In February, the American Association of School Administrators co-sponsored a conference in Denver along with the U.S. Department of Education, the two teacher unions, the National School Boards Association, the Council of Great City Schools, and the Federal Mediation and Conciliation Service. The conference focused on how labor-management collaboration could lead to enhanced student learning. Education Secretary Arne Duncan is a strong proponent of that process, and he invited 125 school districts from around the country to participate in the conference with teams consisting of the superintendent, the union president, and the school board president. Amazingly, more than 200 districts applied to attend the conference.

For more on school labor-management relations:

ED to unions, districts: Can’t we all just get along?

How to raise student achievement through better labor-management collaboration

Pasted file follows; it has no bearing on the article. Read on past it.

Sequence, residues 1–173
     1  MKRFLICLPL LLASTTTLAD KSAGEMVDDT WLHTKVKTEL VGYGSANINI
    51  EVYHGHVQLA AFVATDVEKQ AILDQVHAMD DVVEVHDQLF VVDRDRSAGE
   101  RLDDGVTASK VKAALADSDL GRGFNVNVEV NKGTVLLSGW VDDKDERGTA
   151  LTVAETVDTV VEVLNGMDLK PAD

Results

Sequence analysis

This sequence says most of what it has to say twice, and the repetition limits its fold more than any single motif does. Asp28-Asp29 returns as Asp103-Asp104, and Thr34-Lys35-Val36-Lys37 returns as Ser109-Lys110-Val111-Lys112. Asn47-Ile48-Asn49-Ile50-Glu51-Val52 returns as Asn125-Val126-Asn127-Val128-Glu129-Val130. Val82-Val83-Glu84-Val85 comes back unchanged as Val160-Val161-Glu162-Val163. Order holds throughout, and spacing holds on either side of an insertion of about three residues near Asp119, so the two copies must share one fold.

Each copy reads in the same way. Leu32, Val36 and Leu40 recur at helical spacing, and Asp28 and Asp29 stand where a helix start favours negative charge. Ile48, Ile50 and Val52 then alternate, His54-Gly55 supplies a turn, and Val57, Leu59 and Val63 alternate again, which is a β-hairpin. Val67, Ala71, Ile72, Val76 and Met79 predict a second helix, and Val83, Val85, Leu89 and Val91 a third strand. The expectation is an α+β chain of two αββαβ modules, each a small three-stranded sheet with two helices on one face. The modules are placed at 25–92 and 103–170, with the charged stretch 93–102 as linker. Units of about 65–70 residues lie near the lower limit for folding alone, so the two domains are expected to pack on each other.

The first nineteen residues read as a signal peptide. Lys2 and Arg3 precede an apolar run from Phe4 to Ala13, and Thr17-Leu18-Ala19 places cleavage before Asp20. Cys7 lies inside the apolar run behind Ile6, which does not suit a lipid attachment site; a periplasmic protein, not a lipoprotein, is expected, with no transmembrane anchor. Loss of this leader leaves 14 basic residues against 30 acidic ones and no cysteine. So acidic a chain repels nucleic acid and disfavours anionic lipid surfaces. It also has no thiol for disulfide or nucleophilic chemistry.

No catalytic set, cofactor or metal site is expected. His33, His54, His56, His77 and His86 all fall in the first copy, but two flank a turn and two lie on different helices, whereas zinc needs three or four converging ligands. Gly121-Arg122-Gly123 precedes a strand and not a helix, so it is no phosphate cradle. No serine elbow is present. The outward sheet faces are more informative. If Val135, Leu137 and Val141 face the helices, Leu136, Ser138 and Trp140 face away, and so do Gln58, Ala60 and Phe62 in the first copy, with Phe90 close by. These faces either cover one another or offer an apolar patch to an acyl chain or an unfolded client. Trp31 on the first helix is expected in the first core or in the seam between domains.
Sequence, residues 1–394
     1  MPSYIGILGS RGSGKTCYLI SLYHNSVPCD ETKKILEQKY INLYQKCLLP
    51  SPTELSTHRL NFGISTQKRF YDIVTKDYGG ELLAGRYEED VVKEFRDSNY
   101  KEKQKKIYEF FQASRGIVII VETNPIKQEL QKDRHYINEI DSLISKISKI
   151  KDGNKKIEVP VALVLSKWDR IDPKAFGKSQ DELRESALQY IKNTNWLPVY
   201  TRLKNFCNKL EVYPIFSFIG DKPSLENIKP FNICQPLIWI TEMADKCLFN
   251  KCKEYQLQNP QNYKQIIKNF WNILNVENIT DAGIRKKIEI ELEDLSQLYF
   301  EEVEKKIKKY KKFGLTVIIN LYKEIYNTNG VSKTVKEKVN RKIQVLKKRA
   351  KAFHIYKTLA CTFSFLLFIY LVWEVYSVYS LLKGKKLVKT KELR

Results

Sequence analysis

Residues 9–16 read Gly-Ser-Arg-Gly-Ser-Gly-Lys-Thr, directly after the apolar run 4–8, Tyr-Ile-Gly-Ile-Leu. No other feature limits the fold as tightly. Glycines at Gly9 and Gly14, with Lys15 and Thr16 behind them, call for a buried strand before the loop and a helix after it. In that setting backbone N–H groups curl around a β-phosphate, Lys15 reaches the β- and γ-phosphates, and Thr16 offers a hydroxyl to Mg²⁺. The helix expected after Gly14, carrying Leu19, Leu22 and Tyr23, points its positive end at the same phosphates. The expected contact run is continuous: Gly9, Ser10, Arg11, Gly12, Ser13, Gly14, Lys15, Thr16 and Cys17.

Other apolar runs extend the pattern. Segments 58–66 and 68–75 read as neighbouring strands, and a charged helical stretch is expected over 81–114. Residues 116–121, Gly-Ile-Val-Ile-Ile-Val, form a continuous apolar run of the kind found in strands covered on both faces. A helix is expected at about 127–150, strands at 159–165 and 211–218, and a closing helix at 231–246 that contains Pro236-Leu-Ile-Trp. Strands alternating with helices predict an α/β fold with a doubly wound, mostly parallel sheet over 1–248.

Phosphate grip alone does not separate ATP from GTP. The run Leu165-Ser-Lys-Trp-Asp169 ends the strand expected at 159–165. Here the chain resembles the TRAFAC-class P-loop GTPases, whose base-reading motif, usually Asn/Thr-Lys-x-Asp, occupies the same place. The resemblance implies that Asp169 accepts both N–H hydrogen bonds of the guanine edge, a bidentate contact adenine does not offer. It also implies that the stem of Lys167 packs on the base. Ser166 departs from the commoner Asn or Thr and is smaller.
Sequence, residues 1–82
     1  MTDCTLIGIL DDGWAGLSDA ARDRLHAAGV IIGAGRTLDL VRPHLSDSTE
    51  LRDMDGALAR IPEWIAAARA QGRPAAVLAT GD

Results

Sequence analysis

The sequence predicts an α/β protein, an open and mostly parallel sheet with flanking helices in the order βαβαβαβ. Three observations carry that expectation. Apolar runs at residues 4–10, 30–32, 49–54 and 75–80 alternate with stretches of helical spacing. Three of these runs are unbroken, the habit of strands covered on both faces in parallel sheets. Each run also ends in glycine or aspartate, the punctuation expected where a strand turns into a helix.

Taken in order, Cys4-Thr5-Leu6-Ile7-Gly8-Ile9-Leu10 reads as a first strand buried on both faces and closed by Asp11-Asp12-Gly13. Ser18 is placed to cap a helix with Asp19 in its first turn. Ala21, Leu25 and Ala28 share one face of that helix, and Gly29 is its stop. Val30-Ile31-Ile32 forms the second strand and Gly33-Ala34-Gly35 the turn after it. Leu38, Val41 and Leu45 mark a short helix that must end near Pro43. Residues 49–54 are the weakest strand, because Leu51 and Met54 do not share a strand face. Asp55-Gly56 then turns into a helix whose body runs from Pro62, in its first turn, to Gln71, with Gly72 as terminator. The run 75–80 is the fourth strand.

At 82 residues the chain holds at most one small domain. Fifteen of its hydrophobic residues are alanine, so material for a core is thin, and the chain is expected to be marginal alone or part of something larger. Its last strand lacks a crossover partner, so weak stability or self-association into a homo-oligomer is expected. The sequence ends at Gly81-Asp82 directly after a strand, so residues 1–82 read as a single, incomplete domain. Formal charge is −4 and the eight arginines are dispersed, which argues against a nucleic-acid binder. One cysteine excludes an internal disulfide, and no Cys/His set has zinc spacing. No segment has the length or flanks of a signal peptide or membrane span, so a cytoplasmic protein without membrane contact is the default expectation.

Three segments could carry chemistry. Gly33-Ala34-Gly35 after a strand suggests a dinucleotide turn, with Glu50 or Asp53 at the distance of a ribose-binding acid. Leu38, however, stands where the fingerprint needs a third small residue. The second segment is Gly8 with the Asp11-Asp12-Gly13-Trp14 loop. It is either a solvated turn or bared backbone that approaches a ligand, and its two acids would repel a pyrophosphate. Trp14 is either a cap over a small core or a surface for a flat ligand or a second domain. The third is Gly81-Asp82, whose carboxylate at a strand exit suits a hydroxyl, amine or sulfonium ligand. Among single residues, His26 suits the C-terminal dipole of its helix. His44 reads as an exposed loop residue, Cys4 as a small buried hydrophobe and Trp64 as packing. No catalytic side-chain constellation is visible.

Editorial: Bully for teachers

We have seen over the past few months a strong backlash against unions and collective bargaining. Wisconsin, Ohio, and Idaho are among the states that were part of the 35 that had collective bargaining and now have changed or are attempting to change the law. There are 15 states, referred to as right-to-work states, that do not have collective bargaining provisions. When I left New York to become the superintendent of schools in Fairfax County, Va., I found myself in a right-to-work state. Aside from the fact that negotiations are forbidden—instead, we “meet and confer”—positive relations with the teachers and their associations remain essential to a functional, highly performing school district such as Fairfax.

Essentially, improved labor-management relations are in the best interest of every school district. Along those lines, the American Federation of Teachers and AASA have collaborated in the development of a framework to improve two areas critical to teacher quality and student performance—teacher development and evaluation and a due-process model that can lead to the expedient removal of an ineffective teacher or a teacher charged with misconduct.